Society at Risk in a Society of Organizations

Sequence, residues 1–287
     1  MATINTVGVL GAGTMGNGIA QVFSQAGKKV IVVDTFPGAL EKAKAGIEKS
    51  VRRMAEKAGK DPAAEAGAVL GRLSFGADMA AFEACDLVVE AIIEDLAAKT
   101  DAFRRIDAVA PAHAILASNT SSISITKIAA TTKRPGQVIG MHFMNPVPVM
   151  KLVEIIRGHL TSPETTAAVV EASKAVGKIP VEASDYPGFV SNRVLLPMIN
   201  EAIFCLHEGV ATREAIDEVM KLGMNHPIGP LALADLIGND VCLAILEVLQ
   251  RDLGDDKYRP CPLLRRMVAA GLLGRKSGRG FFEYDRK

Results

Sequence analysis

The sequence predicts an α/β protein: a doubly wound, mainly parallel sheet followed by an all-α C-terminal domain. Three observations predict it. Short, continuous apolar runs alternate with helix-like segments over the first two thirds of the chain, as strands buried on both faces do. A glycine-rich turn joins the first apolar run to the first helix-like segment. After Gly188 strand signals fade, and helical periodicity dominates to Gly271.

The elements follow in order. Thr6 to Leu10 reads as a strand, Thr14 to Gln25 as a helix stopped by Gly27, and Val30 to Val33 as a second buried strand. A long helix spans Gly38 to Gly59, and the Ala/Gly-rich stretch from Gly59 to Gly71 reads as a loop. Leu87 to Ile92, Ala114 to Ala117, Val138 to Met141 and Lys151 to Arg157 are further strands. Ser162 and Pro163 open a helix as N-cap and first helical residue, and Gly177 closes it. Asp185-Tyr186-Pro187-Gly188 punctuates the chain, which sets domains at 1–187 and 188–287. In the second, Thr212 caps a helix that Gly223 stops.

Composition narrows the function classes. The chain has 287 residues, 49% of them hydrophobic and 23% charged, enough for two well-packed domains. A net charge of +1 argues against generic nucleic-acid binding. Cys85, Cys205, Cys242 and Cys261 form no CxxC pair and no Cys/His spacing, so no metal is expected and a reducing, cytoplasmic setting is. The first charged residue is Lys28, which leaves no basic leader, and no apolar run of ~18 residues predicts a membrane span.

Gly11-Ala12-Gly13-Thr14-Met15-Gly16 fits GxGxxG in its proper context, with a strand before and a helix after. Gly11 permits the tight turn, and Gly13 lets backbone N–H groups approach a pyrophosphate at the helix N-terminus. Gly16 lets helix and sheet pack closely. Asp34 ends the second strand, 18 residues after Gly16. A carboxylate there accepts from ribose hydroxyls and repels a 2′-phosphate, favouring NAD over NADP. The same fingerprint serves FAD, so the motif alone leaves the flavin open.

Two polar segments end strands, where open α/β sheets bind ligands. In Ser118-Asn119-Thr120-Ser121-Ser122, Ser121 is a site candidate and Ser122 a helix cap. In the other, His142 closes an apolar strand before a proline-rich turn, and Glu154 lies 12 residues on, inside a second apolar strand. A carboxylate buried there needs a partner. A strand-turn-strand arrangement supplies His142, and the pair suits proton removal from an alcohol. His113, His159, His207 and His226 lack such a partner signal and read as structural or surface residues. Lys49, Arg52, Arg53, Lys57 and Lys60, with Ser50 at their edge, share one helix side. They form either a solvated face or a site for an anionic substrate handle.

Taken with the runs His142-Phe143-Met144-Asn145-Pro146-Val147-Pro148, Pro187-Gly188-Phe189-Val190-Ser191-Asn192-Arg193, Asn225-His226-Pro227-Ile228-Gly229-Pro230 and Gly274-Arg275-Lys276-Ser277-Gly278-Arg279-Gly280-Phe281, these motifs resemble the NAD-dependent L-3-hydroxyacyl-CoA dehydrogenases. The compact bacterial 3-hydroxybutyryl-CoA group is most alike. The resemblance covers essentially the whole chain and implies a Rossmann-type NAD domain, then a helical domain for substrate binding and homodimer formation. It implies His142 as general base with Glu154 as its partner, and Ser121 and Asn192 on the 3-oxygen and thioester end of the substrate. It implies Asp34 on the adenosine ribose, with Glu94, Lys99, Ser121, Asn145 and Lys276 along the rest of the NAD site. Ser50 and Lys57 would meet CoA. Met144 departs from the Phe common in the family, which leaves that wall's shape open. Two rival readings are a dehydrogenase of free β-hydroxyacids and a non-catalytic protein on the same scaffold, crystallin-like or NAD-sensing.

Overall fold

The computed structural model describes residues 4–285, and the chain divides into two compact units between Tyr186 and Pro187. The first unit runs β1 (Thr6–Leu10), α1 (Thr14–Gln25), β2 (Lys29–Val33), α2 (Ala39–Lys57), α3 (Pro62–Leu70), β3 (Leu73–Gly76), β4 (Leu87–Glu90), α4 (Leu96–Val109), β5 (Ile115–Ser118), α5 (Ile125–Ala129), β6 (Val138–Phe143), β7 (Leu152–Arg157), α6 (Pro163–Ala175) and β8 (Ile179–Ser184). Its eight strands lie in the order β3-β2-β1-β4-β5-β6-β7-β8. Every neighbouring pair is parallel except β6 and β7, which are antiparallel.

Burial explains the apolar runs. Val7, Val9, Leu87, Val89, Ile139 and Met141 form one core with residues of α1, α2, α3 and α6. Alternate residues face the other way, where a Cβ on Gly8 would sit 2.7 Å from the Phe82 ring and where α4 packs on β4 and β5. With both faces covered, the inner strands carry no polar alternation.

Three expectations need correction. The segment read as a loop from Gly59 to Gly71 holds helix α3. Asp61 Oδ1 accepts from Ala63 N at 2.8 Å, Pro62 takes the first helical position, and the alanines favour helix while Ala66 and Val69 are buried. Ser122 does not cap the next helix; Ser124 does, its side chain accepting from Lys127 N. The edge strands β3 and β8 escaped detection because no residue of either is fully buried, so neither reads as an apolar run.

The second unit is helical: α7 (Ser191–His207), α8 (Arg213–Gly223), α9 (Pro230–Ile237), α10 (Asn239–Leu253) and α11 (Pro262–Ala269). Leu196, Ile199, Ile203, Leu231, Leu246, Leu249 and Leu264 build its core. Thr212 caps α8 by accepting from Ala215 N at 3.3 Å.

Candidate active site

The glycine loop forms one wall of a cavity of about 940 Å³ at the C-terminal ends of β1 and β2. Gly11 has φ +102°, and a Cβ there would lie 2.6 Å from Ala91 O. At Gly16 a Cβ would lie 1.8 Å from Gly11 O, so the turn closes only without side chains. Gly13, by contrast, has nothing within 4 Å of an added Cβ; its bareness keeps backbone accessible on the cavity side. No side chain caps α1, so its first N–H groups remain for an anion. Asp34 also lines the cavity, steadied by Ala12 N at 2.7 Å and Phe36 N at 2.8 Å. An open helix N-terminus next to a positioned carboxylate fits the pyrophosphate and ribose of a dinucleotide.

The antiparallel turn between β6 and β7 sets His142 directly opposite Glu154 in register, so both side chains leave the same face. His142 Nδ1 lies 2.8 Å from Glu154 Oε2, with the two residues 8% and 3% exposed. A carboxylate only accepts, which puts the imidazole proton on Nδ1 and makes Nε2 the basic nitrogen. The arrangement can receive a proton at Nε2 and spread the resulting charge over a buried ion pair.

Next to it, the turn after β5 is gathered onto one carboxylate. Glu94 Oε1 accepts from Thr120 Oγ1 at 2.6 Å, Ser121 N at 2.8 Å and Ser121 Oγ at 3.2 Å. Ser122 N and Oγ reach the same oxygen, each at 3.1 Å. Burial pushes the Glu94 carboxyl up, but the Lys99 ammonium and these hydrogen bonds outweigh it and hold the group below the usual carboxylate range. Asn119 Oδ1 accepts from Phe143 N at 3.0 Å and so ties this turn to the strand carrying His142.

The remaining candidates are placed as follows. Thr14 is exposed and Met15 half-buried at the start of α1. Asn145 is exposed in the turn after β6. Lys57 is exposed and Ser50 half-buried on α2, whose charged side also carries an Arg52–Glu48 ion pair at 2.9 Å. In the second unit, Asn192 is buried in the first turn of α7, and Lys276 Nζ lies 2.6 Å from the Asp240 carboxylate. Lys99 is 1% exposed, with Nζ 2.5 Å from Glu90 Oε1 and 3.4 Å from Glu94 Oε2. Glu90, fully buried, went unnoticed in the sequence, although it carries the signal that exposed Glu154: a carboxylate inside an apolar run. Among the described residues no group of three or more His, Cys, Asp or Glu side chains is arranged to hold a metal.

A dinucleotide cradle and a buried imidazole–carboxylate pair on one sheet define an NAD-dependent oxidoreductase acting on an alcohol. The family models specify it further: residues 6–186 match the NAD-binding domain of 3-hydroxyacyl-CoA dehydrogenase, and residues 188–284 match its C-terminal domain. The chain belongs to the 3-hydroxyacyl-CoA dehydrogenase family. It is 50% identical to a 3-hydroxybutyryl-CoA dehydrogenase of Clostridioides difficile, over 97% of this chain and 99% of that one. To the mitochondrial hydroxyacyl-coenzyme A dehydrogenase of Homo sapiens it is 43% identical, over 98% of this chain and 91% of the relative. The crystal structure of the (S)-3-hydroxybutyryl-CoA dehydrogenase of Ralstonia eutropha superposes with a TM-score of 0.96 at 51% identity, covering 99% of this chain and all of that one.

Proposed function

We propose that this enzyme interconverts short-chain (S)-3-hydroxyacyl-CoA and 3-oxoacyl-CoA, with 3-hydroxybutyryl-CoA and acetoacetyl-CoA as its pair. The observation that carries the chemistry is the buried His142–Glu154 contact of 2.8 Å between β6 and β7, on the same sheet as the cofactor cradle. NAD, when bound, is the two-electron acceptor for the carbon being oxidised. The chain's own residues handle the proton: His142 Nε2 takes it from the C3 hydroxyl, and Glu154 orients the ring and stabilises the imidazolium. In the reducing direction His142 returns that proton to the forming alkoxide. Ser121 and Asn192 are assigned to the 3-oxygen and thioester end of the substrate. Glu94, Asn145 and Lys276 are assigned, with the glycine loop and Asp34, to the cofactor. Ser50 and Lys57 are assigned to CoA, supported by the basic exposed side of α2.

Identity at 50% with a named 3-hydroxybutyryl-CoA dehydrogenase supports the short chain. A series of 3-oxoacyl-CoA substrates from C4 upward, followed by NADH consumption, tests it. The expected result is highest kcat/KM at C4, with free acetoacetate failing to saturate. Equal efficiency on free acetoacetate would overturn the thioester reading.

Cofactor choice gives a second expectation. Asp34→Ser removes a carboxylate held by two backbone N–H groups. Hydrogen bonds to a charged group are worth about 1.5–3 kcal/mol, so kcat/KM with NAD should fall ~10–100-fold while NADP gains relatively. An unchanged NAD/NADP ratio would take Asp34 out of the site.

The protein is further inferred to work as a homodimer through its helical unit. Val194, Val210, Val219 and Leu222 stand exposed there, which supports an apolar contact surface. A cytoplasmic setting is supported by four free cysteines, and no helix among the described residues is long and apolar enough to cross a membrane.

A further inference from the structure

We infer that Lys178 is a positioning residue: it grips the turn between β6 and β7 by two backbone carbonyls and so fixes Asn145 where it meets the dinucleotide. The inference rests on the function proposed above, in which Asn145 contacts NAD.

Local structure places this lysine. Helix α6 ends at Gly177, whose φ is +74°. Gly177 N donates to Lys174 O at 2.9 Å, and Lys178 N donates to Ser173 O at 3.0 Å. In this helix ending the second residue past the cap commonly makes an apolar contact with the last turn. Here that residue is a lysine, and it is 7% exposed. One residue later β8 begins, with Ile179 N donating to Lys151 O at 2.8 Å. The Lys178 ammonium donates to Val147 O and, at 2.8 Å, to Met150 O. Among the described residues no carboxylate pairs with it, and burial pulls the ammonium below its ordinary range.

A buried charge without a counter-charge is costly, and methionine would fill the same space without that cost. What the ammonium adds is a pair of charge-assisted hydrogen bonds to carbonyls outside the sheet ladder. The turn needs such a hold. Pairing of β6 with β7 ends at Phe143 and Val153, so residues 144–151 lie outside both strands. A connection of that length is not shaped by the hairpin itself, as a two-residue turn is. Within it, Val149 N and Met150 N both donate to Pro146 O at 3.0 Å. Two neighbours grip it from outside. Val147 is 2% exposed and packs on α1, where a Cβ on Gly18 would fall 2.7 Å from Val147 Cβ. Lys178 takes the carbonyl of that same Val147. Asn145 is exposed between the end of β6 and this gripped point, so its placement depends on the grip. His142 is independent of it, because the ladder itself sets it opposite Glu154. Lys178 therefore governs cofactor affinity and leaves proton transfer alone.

The civil society that grew in the democratic abundance of the late eighteenth and early nineteenth centuries was local, decentralized, loosely coupled, moderately egalitarian, adaptive and flexible. America’s greatest product in the nineteenth century, one historian remarked, was people, and most of that product was imported, though often in an unfinished state. In the nineteenth century the organization had fewer and far cruder concerns about the lives of its employees. Big government organizations not only absorb society just as much as do big corporations, but they develop powerful self-interests in controlling the extra-organizational behavior of their employees because their size gives them the resources to do so. There are three components that make our society of organizations possible: wage dependency, which made citizens available for organizations; the externalization of the social costs of extensive organized activity, which hid the costs from citizens; and the development and spread of a novel form of bureaucracy, “factory bureaucracy,” which made controls unobtrusive.